Franklin County GOP chairman sets sights on Senate seat

January 10, 2008|By DON AINES

CHAMBERSBURG, Pa. - Franklin County Republican Committee Chairman Jim Taylor announced Wednesday he will seek that party's nomination for the Pennsylvania state Senate seat, while the Republican who holds the seat issued a statement saying he has yet to decide on running for a sixth term.

"There are two events in the past couple of years that have really informed my decision to run," Taylor, of Mercersburg, Pa., said on the courthouse steps. "The first one was here in Pennsylvania when, after the 2005 pay raise, the voters in this state rose up in rage and forced 55 legislators into early retirement in the 2006 election."

"The second was last year when the U.S. Congress tried to pass an immigration law that included amnesty for illegals," Taylor said.

"That's the tragedy of both events: That ordinary citizens were the ones who had to rise up and enforce the law and their will on their own lawmakers and representatives," Taylor said.


Taylor did not mention five-term incumbent state Sen. Terry Punt, R-Franklin/Adams, by name in his announcement. In response to Taylor's announcement, Punt's office issued a statement quoting the 57-year-old senator from Waynesboro, Pa.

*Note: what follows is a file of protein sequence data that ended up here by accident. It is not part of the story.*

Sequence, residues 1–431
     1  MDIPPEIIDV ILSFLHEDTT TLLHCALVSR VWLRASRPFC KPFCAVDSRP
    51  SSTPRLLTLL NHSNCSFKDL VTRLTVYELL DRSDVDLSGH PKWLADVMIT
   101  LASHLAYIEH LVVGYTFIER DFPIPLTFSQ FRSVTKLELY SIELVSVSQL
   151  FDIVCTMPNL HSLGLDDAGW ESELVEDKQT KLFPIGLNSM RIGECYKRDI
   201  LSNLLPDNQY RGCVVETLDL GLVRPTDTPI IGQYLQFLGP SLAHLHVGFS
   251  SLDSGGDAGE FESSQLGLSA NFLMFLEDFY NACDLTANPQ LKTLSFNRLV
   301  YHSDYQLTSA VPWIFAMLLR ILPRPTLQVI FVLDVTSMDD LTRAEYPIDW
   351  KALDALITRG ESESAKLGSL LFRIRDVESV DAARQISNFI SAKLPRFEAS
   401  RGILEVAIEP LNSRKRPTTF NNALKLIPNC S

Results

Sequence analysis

"I am proud of my accomplishments that I have achieved for the district," Punt said in the statement.

The statement read that Punt would "announce his decision within the next several weeks."

Because this is a presidential election year, Pennsylvania holds its primary April 22, rather than in May. Candidates may circulate nominating petitions between Jan. 22 and Feb. 12.

Five hundred signatures are needed to run for state Senate.

Pennsylvania should pass tough immigration laws along the lines of those adopted by Hazelton, Pa., and its mayor, Louis J. Barletta, Taylor said. Reforming state government, reducing taxes and passing term limits are other issues Taylor said he will tackle if elected.

He criticized Senate leadership for not passing any significant property tax reform legislation and said he would term-limit himself, regardless of what the legislature does.

"I'm 64 years old. I'm not about to start a long political career," he said. Senators should be limited to two four-year terms and members of the state House of Representatives to four two-year terms, he said.

"They no longer serve their districts. They serve themselves and their leadership in Harrisburg," he said of many incumbent legislators.

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